Armed with this information and the resulting understanding and awareness, the help parents are able to provide – personally, through school, or with assistance from other professionals – is far more likely to be better targeted and more effective.

Certain strategies that frequently work for other children with the same generic label, may not work for your child’s particular cluster of difficulties. No two children are the same.

Most of the potential labels are umbrella terms – within them there is a great deal of variety. Alternative strategies may need to be worked out to utilise your child’s specific strengths. Parents may need to adjust their behaviour or coping systems to support more adequately. Hobbies that appeared mere pasttimes, may need to be developed into skills.

A dyslexic child, for example, is likely to get much less general information from reading than an avid reader. Such children need alternative routes to access information – being read to, access to more on-line research or more information programmes.

Many children, certainly by the age of 8-9, begin to suspect that “something is not right” with them. Given the critical, often cruel words of kids, many conclude that they “must be thick.”

For such children it can be enormously comforting to find out that they are not “thick” or “lazy;” that there is something specifically different about them – which, like in the case of a limb in plaster, needs some allowances to be made for them, but that otherwise they are perfectly able.

 

Labelling – the positives, and negatives

How the specific diagnosis is explained to a child is very important, as it is often very clearly remembered, permanently colouring the child’s vision of him/herself.

Some teens may try to use their “label” as a permanent excuse for not trying. This is obviously a scenario the parents and educators have to work to counterbalance. Whether you share the information with your child’s school is a complex decision.

Many parents fear the ill-effects of their child being “labelled.” If the child has very severe difficulties, the school may insist on a shadow – paid for by the parents – to accompany the child to school.

This can be a massive cost.

In an ideal world, school should be a supportive environment where all children are given all the educational support they may need. In our world, the reality is that many schools are businesses and support costs the schools money.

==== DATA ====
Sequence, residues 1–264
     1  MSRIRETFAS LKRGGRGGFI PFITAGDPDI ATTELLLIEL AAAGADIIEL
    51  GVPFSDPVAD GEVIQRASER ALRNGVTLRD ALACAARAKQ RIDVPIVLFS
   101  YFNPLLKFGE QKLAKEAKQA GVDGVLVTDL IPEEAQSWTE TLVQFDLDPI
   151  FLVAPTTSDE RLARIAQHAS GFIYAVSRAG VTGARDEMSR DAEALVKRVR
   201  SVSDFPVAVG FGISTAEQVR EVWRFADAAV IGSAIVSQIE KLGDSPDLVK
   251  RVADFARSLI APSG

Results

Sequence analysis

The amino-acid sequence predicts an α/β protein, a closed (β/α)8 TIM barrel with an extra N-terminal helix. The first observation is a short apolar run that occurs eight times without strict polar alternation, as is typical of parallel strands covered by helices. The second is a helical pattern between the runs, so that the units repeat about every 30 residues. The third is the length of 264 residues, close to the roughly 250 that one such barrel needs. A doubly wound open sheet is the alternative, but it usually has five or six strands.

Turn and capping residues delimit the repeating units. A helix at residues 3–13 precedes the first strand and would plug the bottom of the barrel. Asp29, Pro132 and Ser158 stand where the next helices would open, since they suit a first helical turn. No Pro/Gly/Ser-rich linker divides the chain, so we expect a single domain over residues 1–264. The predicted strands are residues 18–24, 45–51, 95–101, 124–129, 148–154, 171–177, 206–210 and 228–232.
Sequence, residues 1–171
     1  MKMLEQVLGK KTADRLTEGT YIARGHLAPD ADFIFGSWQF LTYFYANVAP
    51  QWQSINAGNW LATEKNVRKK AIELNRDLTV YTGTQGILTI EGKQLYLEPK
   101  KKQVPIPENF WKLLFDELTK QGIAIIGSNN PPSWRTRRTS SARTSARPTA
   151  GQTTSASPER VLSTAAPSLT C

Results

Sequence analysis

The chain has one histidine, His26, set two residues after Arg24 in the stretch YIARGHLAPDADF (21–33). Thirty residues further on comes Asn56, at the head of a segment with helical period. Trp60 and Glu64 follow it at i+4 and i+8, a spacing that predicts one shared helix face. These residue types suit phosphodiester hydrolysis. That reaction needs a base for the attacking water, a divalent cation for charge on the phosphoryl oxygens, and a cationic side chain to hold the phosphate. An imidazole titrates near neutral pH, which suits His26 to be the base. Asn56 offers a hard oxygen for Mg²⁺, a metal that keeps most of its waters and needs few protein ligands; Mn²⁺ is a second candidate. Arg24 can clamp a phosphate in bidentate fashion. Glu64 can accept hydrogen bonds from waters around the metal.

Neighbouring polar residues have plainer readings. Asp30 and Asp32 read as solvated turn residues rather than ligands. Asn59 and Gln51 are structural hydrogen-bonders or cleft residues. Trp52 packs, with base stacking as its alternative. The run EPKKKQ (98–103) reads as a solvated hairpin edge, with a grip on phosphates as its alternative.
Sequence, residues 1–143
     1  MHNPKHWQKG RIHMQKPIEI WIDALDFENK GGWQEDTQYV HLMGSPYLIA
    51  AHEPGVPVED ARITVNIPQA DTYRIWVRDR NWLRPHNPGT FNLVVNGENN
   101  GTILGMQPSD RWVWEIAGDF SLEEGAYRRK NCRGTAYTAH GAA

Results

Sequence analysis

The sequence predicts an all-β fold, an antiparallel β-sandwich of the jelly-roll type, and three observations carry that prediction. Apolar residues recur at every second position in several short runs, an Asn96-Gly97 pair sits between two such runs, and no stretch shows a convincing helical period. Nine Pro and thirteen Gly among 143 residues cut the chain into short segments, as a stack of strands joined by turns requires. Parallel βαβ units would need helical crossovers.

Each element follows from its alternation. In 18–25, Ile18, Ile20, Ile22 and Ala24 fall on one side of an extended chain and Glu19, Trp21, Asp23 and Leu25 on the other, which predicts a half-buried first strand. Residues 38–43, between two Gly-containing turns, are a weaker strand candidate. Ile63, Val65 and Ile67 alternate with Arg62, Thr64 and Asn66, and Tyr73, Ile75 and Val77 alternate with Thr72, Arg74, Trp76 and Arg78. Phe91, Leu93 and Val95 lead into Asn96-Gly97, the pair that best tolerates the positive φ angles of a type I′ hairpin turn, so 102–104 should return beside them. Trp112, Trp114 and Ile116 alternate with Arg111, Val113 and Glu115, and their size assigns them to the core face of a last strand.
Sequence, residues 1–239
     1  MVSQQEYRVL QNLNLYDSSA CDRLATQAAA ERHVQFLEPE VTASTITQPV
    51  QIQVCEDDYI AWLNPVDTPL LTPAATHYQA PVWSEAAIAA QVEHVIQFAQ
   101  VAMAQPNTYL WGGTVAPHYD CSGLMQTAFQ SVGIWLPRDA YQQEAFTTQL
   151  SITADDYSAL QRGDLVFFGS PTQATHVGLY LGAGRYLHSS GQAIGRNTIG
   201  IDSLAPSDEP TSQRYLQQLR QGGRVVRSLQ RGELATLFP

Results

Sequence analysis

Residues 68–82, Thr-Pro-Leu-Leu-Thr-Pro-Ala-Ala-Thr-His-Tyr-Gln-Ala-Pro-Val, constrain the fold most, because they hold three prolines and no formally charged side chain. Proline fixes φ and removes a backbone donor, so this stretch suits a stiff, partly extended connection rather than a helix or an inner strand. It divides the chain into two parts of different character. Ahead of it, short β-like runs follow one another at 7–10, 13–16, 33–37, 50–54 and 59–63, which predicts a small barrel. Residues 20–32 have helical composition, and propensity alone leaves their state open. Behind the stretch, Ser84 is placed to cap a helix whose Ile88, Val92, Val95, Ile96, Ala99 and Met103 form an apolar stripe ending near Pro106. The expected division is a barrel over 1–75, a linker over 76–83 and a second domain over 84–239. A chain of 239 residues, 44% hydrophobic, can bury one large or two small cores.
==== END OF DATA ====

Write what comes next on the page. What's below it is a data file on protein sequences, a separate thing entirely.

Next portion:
This is a decision that parents ultimately have to make. However, if you have gone down the route of testing due to certain “signs” you may have picked up on – chances are that the concerned professionals at your child’s school already “suspect” what you now know; they have already been “singled out” – for something as yet not clearly defined.

Bringing clarity to this helps, not hinders everyone.

With certain diagnoses children are entitled to assistance during tests and assessments – ranging from extra time (25%) / to a reader / scribe / or laptop. They may be permitted to work in a separate room, free of distraction. They may be entitled to “rest breaks” so that they are able to focus better. In some cases this truly levels the playing field to really help a child, in others it makes no difference at all.

 

Working towards acceptance

A word of caution nonetheless – many assessments give an IQ or at least information relating to the child’s IQ.

If your expectations of your child are very high, this may prove a disappointment. Conversely, a child with mediocre performance – assumed to be working “to their level” – may actually have far greater potential and should be challenged more.

At the very least, however, testing may take away from the mystery a child is – revealing their intellectual potential in numerical terms.

This is a complex, though obvious, decision to have to make.

The ultimate objective has to be: to do what is best for the child in giving them a future with possibilities.

Further reading: The WSA Special Needs Special Report

 

Agnes Holly, BA English and German; MA Comparative Literature; Hornsby Dipl Special Educational Needs. Agnes has more than 25 years’ teaching experience in various roles ranging from university to nursery teaching, in addition to on-going work bringing up 5 children.

 

1 Comment

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  1. Nicola says
    October 2, 2014, 9:52 am

    Such an informative article – thank you.

    Reply